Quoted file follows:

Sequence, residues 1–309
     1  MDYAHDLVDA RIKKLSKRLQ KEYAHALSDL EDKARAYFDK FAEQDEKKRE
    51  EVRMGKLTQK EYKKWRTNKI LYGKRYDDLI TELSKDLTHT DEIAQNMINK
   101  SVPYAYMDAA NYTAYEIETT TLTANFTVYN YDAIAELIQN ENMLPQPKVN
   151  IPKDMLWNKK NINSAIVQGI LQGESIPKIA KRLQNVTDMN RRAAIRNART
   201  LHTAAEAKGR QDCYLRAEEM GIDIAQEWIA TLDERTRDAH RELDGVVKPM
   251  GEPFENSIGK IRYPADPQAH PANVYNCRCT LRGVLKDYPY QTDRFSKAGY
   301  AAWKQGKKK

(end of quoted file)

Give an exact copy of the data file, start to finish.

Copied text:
Sequence, residues 1–309
     1  MDYAHDLVDA RIKKLSKRLQ KEYAHALSDL EDKARAYFDK FAEQDEKKRE
    51  EVRMGKLTQK EYKKWRTNKI LYGKRYDDLI TELSKDLTHT DEIAQNMINK
   101  SVPYAYMDAA NYTAYEIETT TLTANFTVYN YDAIAELIQN ENMLPQPKVN
   151  IPKDMLWNKK NINSAIVQGI LQGESIPKIA KRLQNVTDMN RRAAIRNART
   201  LHTAAEAKGR QDCYLRAEEM GIDIAQEWIA TLDERTRDAH RELDGVVKPM
   251  GEPFENSIGK IRYPADPQAH PANVYNCRCT LRGVLKDYPY QTDRFSKAGY
   301  AAWKQGKKK